How to Build a Laser Death Ray
Far Infrared Light
Far infrared is the color of light emitted as thermal radiation by room temperature objects. It is what is being seen by thermographic imagers, that detect people by their body heat. Air is fairly transparent to far infrared light in the "window" from 8 to 12 microns.|
However, far IR cannot penetrate water more than a few tens of microns. In fact, most stuff that is transparent to visible light is opaque to far infrared. It will not go through glass, plastic, or quartz. Only a few materials are suitable for making windows or lenses for light from a far IR death ray. A single crystal of table salt is the most redily available, but this has problems with absorbing water and dissolving. Other far IR-transparent materials tend to be fairly pricey.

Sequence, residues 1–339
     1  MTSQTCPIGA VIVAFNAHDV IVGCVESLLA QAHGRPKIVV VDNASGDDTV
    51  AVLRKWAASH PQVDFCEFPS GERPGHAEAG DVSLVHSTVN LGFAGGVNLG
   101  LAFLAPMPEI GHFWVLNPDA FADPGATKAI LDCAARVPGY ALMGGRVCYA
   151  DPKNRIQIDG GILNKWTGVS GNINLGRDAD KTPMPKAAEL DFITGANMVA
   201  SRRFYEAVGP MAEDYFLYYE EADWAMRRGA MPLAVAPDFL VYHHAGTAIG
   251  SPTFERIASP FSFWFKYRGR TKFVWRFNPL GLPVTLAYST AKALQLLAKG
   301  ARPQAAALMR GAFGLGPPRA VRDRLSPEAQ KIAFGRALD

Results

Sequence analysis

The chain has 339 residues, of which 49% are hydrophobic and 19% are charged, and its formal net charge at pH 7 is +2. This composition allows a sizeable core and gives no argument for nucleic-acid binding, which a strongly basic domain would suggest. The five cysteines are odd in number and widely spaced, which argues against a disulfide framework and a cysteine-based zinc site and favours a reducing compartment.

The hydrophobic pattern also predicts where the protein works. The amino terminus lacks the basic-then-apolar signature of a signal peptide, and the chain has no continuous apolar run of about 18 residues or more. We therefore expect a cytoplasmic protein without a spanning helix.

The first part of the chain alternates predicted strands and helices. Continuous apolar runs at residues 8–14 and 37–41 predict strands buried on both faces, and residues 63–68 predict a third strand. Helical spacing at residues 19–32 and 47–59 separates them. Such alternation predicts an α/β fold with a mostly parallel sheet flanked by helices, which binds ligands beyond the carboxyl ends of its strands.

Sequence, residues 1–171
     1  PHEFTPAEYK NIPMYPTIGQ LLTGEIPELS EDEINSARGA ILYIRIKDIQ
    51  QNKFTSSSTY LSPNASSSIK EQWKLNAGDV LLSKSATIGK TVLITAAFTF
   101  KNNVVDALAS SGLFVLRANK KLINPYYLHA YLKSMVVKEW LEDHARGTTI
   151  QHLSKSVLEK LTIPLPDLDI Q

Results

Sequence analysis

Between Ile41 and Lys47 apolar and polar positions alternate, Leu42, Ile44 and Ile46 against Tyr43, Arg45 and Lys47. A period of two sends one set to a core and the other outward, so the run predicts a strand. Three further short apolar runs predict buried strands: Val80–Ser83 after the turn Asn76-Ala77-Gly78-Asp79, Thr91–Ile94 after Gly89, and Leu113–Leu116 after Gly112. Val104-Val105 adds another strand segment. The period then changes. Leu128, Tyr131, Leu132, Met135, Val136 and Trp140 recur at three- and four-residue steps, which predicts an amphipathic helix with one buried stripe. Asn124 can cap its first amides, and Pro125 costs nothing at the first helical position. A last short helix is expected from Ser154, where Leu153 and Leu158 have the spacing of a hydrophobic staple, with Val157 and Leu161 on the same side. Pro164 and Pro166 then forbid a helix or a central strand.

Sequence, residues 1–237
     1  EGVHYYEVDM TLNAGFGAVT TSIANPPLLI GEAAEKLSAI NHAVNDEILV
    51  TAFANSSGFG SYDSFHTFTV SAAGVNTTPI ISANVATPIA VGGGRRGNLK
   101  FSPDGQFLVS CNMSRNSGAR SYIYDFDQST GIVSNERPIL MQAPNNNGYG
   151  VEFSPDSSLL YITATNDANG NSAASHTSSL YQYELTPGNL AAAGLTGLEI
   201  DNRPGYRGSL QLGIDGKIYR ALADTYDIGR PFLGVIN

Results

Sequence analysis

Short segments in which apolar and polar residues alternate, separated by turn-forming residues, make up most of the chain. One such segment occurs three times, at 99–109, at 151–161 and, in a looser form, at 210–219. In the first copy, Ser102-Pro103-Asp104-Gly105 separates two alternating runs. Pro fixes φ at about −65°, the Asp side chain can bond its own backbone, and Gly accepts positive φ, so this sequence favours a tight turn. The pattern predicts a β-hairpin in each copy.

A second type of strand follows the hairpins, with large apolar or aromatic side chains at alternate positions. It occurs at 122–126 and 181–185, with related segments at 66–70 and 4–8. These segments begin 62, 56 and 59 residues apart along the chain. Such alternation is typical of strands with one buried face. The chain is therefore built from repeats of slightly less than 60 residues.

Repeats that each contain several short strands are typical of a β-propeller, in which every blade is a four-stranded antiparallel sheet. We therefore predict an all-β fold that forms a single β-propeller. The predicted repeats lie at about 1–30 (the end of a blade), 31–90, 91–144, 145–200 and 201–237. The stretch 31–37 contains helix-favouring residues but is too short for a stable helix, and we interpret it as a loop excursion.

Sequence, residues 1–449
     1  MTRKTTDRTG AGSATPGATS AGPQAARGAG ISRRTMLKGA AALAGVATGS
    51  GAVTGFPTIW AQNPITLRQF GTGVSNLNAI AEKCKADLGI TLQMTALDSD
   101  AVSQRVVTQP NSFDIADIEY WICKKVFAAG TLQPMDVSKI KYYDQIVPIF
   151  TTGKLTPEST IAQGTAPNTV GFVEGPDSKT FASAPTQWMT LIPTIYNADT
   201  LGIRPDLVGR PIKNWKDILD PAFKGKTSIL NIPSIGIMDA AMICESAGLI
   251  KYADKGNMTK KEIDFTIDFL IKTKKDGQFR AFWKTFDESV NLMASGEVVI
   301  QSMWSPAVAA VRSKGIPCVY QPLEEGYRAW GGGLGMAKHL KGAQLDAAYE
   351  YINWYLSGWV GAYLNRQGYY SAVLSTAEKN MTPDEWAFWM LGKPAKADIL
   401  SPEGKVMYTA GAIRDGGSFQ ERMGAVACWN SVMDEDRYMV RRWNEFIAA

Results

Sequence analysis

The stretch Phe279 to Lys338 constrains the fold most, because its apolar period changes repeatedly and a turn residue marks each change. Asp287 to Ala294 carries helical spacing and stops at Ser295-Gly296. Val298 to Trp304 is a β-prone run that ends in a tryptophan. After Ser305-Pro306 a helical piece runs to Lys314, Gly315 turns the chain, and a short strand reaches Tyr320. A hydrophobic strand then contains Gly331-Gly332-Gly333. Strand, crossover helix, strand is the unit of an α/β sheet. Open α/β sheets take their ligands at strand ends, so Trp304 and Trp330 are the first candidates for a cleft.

Far infrared has a long enough wavelength that it has definite issues with focusing (due to diffraction) and, at high intensities in air, cascade ionization. It is best avoided in favor of shorter wavelengths if possible. One reason it might be used is for a death-ray-on-a-budget. The common and fairly efficient carbon dioxide lasers emit light in the far infrared (at 10.6 microns). A high powered CO2 laser could make an effective heat ray at short to moderate ranges.